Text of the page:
What does a Chemist do?
Chemistry is the study of chemicals and matter, and people whose careers are focused on this field are called chemists. These professionals study matter on the atomic and molecular levels in order to understand how elements join together to form different substances. They also measures proportions, reaction rates, and various other properties of substances in order to understand more about those substances. The term is also used in the United Kingdom and some other places to refers to what a person in the United States would call a pharmacist.
A chemist will have at least a bachelor's degree in chemistry and may work within many different career fields, the most popular of which are industry, academia, and government work. Undergraduate-level students are typically educated in mathematics and physics as well as chemistry in order to encourage a robust knowledge of general science, while graduate-level students usually specialize in a subfield such as organic chemistry or quantum chemistry. A person with a bachelor's degree can be employed in a wide variety of positions, but people in academia almost always have master's or doctoral degrees in order to qualify to teach classes and conduct research.
The field began with first casual and then more intensive investigations of the properties and usefulness of fire. Once people discovered gold, they developed alchemy in a search for a way to turn other substances into gold. While the alchemists never actually managed to turn anything into gold, they did lay down the foundations of modern-day chemistry by discovering many important chemical processes.
Today, chemistry is divided into several subfields. One is analytical chemistry, which is the study of materials with the aim of learning about their chemical composition and structure. A biochemist studies the chemicals, chemical interactions, and chemical reactions that occur within organisms. Physical chemistry is the study of chemical systems and processes on the physical fundamental level, meaning they study why and how the physical structures of molecules and atoms interact.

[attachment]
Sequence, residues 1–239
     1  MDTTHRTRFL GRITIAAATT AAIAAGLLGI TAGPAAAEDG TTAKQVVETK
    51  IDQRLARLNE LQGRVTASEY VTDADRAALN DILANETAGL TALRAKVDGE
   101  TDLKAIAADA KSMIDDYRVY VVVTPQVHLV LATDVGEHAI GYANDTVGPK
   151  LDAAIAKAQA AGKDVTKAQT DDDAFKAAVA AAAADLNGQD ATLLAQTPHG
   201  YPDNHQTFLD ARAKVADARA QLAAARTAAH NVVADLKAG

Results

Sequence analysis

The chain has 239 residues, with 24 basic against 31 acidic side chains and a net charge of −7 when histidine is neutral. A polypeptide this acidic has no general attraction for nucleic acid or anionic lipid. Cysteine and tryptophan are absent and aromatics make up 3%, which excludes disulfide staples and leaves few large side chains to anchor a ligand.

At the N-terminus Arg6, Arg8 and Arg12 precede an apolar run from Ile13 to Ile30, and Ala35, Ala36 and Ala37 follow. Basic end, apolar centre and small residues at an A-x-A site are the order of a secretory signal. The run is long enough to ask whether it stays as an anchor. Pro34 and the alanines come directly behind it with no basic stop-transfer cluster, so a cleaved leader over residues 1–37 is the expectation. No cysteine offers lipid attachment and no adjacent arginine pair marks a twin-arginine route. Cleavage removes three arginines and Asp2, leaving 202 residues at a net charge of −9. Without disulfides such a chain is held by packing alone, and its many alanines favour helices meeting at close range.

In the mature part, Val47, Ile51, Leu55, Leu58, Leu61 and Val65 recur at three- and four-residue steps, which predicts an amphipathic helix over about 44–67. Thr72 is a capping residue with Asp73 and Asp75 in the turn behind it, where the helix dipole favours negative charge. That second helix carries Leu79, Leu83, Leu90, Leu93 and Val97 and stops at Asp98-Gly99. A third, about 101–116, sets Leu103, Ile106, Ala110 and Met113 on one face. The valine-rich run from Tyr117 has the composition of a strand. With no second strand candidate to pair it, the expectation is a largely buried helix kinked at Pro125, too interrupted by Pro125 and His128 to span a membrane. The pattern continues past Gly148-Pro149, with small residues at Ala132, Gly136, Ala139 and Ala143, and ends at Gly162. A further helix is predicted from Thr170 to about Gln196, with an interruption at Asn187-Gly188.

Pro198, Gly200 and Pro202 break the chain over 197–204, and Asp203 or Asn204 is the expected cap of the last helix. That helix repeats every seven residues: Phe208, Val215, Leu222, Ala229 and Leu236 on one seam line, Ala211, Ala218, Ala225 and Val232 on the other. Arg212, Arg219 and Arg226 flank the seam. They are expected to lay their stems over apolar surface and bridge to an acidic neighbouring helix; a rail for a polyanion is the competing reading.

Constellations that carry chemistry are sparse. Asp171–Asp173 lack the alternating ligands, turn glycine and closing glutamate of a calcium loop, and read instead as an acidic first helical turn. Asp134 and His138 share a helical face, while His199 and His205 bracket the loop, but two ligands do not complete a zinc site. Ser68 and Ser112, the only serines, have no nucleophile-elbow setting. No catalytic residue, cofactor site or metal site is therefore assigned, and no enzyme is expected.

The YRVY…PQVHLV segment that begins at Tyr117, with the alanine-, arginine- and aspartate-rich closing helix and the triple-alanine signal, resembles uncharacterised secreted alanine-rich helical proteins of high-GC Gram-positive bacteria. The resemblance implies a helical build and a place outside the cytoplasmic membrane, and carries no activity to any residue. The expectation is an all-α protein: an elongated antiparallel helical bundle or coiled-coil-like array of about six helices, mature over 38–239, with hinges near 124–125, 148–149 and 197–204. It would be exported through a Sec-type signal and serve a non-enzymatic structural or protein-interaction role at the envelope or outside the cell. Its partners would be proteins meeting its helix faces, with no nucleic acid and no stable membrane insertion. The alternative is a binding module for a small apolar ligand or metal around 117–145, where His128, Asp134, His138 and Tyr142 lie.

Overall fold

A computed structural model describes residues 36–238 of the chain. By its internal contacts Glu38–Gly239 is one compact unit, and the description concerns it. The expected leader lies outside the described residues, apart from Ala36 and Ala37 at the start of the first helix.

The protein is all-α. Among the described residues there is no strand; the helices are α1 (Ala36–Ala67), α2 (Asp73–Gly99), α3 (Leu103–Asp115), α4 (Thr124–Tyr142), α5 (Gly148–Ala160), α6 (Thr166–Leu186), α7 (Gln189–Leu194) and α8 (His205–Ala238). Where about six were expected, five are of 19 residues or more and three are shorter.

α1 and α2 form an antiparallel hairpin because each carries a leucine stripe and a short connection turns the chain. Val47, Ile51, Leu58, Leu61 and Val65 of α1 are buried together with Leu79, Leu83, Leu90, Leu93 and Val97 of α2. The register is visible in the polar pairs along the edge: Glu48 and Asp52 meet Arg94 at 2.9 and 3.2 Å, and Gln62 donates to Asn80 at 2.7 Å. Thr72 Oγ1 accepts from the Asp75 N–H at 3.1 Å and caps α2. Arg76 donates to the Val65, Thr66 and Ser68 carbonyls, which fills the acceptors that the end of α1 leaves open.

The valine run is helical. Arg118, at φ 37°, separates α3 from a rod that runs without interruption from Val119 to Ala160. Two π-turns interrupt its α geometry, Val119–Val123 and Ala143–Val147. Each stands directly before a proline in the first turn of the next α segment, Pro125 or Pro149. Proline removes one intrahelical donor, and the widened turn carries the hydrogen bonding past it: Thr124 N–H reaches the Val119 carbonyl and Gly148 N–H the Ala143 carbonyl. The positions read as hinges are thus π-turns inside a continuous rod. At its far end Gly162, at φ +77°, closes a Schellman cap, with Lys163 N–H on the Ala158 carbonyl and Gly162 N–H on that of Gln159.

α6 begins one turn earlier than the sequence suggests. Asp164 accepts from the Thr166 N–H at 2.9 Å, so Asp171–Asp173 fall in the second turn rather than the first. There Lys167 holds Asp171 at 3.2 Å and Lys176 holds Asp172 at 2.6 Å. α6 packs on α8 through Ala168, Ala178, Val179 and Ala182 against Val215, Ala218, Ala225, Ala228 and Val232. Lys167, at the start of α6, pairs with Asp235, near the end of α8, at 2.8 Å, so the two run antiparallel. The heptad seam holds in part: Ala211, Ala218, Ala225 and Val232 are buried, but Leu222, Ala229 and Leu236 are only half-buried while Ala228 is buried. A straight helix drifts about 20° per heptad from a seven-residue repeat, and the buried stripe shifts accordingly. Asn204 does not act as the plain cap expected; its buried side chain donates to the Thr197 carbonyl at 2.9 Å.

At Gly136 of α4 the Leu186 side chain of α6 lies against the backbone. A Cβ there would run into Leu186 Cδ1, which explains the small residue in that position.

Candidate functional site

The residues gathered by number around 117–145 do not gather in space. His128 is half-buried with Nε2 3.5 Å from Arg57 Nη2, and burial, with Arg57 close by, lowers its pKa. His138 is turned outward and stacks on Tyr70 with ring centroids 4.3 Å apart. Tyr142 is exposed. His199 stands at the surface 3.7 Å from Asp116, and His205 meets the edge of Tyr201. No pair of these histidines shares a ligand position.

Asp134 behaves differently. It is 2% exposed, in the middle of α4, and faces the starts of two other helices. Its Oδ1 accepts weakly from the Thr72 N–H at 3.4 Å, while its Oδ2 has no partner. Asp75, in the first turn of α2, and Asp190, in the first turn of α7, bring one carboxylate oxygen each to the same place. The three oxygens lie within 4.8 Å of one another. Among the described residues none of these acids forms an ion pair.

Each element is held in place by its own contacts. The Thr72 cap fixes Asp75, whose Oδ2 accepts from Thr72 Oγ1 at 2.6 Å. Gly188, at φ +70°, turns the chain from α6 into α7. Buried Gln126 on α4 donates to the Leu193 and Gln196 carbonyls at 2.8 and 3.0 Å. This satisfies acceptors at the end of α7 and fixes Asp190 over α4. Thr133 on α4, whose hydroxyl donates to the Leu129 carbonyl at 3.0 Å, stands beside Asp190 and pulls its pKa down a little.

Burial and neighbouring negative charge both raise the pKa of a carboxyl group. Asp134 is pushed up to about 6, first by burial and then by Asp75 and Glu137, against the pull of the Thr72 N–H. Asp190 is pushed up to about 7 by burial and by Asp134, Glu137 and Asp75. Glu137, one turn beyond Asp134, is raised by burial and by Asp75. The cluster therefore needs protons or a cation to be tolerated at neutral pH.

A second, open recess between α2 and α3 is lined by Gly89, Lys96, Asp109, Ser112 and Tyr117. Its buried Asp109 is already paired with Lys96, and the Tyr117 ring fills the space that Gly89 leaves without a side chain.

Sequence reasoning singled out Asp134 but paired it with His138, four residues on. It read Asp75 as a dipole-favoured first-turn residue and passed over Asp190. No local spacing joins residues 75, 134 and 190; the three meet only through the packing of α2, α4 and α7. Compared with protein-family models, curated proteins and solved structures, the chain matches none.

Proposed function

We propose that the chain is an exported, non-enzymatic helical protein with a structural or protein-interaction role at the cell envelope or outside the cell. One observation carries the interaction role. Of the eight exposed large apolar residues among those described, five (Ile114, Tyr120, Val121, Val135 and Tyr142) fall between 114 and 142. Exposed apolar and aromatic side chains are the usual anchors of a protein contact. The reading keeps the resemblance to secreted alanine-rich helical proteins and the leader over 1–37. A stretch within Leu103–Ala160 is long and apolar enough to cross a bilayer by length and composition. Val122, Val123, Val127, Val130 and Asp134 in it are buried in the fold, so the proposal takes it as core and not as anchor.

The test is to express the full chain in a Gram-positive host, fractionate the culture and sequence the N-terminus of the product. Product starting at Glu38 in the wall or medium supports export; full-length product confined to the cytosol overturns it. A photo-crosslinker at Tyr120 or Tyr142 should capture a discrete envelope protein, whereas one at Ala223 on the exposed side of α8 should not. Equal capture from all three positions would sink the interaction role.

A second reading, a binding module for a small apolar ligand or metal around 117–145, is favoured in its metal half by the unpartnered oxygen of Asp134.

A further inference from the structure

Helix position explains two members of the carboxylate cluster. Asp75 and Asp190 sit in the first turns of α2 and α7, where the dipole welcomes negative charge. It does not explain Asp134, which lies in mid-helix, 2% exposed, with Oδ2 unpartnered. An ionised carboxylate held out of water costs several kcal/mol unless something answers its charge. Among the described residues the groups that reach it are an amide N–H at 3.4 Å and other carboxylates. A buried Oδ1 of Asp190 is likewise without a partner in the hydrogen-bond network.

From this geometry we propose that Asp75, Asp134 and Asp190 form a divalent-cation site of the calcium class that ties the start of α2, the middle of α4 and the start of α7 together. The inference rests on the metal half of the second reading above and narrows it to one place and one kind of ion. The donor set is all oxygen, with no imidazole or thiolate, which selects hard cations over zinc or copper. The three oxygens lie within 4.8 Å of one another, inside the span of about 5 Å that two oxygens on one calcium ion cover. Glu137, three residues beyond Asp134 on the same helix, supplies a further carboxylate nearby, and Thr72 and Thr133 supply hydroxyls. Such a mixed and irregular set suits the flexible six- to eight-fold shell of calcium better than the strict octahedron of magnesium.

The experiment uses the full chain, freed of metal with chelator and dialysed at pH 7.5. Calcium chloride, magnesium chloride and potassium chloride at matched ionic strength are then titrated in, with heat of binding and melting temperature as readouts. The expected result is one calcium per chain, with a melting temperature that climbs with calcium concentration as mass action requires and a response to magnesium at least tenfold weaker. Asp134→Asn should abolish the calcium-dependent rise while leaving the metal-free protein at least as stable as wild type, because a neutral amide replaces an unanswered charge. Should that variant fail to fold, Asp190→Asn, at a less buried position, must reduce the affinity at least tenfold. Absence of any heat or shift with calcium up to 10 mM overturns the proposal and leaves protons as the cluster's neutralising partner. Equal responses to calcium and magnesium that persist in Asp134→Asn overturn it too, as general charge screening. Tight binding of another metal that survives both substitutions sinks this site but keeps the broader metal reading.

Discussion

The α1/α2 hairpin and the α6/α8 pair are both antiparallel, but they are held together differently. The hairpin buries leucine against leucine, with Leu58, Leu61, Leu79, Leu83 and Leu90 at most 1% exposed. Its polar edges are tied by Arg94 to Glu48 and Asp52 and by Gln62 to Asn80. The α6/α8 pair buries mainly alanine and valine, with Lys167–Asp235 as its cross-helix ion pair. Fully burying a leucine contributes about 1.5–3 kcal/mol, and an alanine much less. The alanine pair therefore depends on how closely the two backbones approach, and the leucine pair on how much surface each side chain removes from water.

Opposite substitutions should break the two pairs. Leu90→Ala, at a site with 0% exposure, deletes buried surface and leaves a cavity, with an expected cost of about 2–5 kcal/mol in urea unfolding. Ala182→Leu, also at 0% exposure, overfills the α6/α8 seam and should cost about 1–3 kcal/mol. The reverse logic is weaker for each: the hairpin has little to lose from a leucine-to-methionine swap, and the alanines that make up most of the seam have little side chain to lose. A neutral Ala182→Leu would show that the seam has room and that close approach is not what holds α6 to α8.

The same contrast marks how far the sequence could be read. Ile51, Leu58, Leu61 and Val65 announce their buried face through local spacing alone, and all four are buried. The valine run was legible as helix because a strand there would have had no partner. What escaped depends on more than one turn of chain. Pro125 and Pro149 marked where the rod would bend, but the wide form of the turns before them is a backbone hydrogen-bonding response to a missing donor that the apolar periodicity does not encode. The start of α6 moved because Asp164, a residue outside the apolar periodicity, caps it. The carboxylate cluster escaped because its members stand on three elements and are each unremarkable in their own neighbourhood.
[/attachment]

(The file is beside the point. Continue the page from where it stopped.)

A chemist might be found in a related scientific field such as medicine, physics, biology, forensic science, or engineering. He or she might also be employed in the pharmaceutical manufacturing industry, chemical manufacturing, fuel extraction, or scientific research fields. Because it is a broadly applicable field, chemists can be found in almost every imaginable area of employment.
@bythewell - The thing is that you figure this stuff out while you're in school. As long as you're focused on a career and you're talking to people and paying attention to your options, you'll probably know by the end of the bachelors whether or not you should continue to study or leave to search for a job.
Chemistry is quite a wide specialty and students can go in directions that they didn't realize would interest them. The only way to figure it out, in my opinion is to do it.
@anon179746 - If you are convinced that chemistry is what you want to do, you should go for it, since it's a degree that's going to be in demand. But, the other comments are on the ball in that you should do some research on where your degree will be able to take you. Think about where you're living, where you're willing to live, what you're willing to do and so forth.
It's not entirely true that your only option with a bachelor's in chemistry is to be a teacher, but in some areas it's going to be difficult to find anything else. You might need to start at the bottom with very low pay in order to move up the ranks at a lab.
Getting an advanced degree is expensive, in both time and money and not everyone is suited to the work. You have to think hard about whether it's right for you.
well i'm a high school student who would love to study chemistry at university. what are the pros and cons of these degrees and do you have any suggestions as to what to do?
I agree with techgeek1. Having graduated with a BS in chemistry, I had no problem finding a job. I was leader of a research team in cosmetics, earned an R&D100 Award and also have papers published. Additionally, I have a patent from work done cooperatively with another team in my department. There is much work to be done by bachelor's chemists. I actually did the same kind of work as my fellow PhD's, I just didn't get paid what they got paid. However, having been in the workforce longer than some because they were in school, people my own age with PhD's earned the same amount. What I lacked in degrees, I made up (and was compensated for) in years of experience.
@poincaire - While the job market is smaller for someone who only has their bachelor's degree, there are still opportunities to be found. I got my bachelors of science in chemistry from the University of Texas and went straight into working for a company that produces packing materials.
Am I going to win the Nobel Prize anytime soon for my “research” in foam peanuts? Probably not, but it is a good job that pays well and offers benefits. I might decide to go back to graduate school some day, but I wouldn't be going back because there are a lack of job opportunities.
A small word of advice from a professional chemist: if you want to work in this field get a graduate degree. There really isn't much work out there for someone who only has their bachelor’s degree, even if it is from a reputable school. Most the people I see who only get their bachelor's degree in chemistry end up as high school teachers-- which isn't a bad profession, it's just not what most people with a chemistry degree want to do.
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